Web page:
‘Are they worth buying? No, definitely not.’, well, this depends on your circumstances and priorities, I would not use anything else, but I don’t live in Stamford (there are other parts of the UK I believe).

Clogboy says:
2 December 2010

Excellent article, facts worth considering.
But I’m going to impose a bit of logic onto you that probably changes most of the facts, if not everything.

Assume for a second that a set of winter tyres and a set of summer tyres cost roughly the same as two sets of summer tyres.
Now keep in mind that winter tyres wear out quicker during the summer, and summer tyres quicker during the winter. So two sets of summer tyres wear out quicker than two sets of tyres appropriate for their own distinct conditions. And where I live (The Netherlands) it’s usually below 7 Celsius for four months in a row. Buying a cheap set of rimms for the winter tyres also spares your alloys from saltcorrosion and bumps due to ambitious snowdriving and saves service costs.

Now try and slam a pricetag on roadsafety, and then tell me again your conclusion still stands.

I agree with your assessment. The time I spent in Norway proved this with the vast majority of drivers having a set of winter ‘studs’ on steel rims whilst keeping their alloys for the summer variants.

If winter tyres become a need over here as they are elsewhere in Europe, then having two sets of wheels isn’t such a long-term expense. In fact, if having the ‘right’ tyres saves just a minor accident, they become a sensible investment.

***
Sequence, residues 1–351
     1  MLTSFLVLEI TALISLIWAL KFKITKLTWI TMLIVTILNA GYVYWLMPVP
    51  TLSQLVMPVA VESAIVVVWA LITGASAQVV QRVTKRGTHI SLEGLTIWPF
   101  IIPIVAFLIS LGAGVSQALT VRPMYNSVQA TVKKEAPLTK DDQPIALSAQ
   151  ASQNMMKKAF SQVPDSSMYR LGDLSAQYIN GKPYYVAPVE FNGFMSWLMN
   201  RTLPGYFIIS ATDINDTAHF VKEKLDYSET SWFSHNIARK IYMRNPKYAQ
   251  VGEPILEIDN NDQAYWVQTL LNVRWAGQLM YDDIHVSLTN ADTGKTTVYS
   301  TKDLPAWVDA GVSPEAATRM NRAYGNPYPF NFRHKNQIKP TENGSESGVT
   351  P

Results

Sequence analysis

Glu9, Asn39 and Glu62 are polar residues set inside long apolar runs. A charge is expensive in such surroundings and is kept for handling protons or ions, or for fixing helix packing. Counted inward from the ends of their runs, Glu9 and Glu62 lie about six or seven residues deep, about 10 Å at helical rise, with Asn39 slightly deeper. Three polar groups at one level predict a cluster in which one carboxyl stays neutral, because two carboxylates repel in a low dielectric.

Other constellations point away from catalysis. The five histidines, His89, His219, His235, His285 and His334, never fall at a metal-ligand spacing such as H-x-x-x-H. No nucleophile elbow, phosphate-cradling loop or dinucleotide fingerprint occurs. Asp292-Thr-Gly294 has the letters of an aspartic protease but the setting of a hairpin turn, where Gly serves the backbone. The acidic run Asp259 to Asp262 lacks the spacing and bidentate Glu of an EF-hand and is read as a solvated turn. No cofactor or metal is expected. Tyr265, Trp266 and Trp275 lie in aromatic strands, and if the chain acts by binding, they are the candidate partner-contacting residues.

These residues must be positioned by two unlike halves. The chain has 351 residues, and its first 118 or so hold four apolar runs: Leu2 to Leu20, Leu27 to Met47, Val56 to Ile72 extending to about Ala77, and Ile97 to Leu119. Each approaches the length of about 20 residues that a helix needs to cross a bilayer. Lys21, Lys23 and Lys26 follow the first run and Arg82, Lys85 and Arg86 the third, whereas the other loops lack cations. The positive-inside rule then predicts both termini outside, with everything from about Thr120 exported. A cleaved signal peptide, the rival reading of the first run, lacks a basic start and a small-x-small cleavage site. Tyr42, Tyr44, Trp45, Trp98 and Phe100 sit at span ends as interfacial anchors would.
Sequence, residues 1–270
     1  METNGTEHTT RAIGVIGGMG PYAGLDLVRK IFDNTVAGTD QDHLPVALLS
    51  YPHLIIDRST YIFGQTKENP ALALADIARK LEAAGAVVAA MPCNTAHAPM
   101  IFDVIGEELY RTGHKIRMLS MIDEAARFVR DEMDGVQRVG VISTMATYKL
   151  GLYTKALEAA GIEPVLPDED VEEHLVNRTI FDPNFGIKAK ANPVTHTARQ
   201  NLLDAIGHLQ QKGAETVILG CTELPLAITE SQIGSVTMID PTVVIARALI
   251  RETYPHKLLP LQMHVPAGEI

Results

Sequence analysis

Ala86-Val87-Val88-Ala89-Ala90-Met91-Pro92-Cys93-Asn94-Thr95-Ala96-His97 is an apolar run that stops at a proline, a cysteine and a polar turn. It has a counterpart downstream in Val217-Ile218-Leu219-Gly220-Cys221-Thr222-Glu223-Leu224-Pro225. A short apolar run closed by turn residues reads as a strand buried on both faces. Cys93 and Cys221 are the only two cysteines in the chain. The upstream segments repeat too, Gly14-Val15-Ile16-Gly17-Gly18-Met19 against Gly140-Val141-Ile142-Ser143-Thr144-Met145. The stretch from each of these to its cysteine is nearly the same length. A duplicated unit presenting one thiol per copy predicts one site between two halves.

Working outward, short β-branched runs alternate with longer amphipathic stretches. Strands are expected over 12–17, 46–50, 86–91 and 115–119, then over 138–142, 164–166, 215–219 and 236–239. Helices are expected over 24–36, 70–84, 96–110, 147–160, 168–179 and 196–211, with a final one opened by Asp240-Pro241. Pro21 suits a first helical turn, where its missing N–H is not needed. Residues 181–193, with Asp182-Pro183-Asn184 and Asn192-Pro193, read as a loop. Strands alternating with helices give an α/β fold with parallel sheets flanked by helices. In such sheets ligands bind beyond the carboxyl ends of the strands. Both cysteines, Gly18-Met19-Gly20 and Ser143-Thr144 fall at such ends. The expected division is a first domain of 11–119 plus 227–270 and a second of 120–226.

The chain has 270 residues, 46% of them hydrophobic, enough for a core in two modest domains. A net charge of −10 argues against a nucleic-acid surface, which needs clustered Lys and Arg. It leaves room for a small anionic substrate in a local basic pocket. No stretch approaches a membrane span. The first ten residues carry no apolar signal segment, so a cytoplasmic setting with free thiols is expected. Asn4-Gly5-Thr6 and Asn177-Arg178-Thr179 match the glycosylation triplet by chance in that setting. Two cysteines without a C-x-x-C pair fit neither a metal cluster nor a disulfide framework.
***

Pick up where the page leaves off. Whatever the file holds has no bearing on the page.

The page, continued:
When I mention to people that I have Winter tyres, the first response I get is that we don’t get enough snow (even though the last three years appear to debunk that). Snow is one aspect of Winter tyres. They remain soft below 7C – so each time someone drive with Summer tyres below 7C, they are technically driving an less safe vehicle than one with Winter tyres. Winter tyres also have a tread pattern designed for icy and wet roads, dispersing more water.

Now, I have a BMW 330d putting out massive amounts of torque through the rear wheels. The summer tyres are Continental Sport Contact 2, which have hardly any lateral tread. Last winter it would not move on even the thinnest covering of snow or ice. Now I have Pirelli SottoZero tyres fitted and have been driving around on the snow and ice without any problem. Oh, and since I had them fitted, it has rarely gone above 7C here where I live in the Chilterns. So they are the safest tyres to have fitted to my car.

In summary, they are not a waste of money for all cars.. And anyone planning to travel abroad in winter had better get some, as it is now law in countries like Germany to have them fitted between November and March (incl.)

Pete says:
5 December 2010

I also have a 330D and with the usual summer times it’s unusable on the smallest amount of snow. I spent 3 hours trying to get 7 miles home from work in a rural spot, pushing the car more much of the time. I had a similar experience when taking my daughter for an important hospital appointment. I think ths article understates the difference that winter or all-season tyres can make for some cars. We dont all drive small front wheel drive cars.

I have bought some michelin easgrip nylon ‘chains’ for 80 quid. They make my car pull like a tractor! I don’t know how long they will last, but they have proven invaluable for a couple of days of essential journeys only. Unlike snow chains, these are much easy to attach and can driven on tarmac, even though they will obviously wear more.